Nathan Bihlmeyer: Goldwater Scholar explores ‘infinite possibilities’
What really got me interested in genetics is the fact that the results are tangible and what you get to work with allows for almost an infinite amount of possibility.
I’m Nathan Bihlmeyer. I recently received the Goldwater 2010 Scholarship. I am currently an undergraduate in biochemistry, and I’m trying to get a minor in genetics. My career goal is to get a Ph.D. in genetics, so I can do research into human genetics.
I was interested in genetics, therefore I joined the (N.C. State University Undergraduate) Genetics Club, became an officer and eventually became president. And I’ve also started researching in the genetics department.
Currently my research is finding a novel system – a novel multimeric complex in Arabidopsis that represses the gene of AGAMOUS, which — to put that in layman’s terms — I’m trying to figure out how a flower makes a flower: Exactly what is in this complex that allows the plant to actually know how to put the flower organs where they need to go — petals on the outside, stamen on the inside, and everything else where it needs to go?
The university pushes the undergraduates into research so that they are more qualified and have more knowledge about their future.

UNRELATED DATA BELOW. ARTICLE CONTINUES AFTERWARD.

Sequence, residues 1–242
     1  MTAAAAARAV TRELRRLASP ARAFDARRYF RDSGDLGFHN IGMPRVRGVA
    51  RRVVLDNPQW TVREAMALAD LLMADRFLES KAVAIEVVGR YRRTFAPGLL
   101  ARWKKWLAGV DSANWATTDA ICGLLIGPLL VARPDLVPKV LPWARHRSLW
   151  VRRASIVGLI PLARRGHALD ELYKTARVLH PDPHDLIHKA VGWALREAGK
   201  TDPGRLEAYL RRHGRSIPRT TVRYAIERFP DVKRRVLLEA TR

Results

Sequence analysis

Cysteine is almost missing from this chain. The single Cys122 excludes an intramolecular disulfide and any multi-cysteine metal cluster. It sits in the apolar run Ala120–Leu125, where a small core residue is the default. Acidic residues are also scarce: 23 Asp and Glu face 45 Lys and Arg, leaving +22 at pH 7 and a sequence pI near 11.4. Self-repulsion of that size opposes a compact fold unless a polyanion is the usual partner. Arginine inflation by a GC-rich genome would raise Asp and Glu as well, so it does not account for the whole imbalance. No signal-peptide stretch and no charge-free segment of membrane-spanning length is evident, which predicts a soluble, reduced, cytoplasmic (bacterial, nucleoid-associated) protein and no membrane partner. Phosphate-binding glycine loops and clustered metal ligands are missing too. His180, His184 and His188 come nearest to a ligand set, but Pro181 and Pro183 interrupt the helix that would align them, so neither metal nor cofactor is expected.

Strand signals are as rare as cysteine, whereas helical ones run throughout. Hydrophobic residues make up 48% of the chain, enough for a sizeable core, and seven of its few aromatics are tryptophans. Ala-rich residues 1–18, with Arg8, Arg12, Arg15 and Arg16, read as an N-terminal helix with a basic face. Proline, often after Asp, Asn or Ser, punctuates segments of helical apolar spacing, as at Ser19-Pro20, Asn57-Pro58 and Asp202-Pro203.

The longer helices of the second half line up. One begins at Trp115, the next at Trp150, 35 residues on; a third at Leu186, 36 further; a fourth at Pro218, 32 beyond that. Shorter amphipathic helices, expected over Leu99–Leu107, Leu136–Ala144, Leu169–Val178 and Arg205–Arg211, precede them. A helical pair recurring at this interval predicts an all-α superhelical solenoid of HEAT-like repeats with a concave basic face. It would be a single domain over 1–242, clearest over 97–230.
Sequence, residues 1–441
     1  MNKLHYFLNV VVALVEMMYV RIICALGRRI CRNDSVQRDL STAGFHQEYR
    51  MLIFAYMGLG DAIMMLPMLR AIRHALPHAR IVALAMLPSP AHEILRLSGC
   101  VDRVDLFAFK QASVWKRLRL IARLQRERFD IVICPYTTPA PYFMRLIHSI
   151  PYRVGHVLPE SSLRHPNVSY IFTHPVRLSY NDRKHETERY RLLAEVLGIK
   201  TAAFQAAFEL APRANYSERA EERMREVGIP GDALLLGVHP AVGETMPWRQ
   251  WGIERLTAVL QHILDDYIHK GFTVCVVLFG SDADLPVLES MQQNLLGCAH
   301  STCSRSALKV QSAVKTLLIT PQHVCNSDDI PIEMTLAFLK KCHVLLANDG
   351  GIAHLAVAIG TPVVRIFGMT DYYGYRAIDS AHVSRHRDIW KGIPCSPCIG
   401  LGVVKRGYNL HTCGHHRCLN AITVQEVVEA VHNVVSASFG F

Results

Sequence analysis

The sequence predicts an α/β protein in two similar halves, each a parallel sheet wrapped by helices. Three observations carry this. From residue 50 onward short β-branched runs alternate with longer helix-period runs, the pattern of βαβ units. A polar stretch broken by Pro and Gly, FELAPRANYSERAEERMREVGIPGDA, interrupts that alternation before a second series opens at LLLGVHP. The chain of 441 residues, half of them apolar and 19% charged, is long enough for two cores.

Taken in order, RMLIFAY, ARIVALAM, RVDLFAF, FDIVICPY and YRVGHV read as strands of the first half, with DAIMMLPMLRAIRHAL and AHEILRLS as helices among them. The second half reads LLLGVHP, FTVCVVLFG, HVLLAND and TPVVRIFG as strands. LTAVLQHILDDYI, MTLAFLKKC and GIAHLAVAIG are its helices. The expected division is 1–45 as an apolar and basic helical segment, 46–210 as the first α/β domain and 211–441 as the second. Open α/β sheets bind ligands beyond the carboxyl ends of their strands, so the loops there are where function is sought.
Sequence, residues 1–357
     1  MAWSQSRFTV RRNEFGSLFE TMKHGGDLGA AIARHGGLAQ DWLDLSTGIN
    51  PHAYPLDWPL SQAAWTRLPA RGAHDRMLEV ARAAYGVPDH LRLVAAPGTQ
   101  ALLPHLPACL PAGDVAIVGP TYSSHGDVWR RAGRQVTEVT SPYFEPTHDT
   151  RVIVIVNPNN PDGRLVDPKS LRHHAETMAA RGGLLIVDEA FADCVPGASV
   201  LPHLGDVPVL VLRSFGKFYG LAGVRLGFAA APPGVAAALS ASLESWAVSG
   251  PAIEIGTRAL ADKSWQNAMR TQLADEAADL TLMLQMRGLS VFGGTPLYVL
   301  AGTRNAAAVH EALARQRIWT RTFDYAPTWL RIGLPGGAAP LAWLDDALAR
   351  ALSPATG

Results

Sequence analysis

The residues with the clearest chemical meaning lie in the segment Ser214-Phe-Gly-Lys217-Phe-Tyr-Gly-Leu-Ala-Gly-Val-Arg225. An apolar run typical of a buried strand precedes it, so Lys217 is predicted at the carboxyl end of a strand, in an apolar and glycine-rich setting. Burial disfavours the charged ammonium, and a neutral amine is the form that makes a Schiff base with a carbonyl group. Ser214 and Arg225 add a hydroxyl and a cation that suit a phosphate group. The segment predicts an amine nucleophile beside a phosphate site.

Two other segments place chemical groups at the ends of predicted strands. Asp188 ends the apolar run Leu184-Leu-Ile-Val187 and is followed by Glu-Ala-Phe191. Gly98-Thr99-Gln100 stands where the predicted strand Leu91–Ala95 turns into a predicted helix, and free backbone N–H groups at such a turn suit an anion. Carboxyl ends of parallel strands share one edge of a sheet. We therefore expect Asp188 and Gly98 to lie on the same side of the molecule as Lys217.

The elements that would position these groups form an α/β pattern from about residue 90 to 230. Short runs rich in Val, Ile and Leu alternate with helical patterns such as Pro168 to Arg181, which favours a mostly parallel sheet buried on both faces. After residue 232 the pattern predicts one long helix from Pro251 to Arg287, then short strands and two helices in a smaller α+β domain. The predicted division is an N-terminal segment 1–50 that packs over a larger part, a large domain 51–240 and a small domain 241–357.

We are a huge family at the Franks Lab. We all care for each other and help each other out constantly even if it’s not related to the actual lab work. Dr. (Robert G.) Franks is a great man. Let’s say you have been working for two months and you have gone completely full circle — whatever project you are working on has stopped working — he will come to you, he will talk to you, (and) you will discuss possible solutions. And by the end of that meeting you will leave that room completely re-inspired to take on the project.
After my undergraduate career, I will hopefully be accepted into a Ph.D. program in genetics. (Later) I will hopefully get a job at either a private or public university. I want to focus on the research, but of course at a university you must also teach. Everything that Dr. Franks is currently giving me, I will hopefully be able in the future give to some other undergraduate.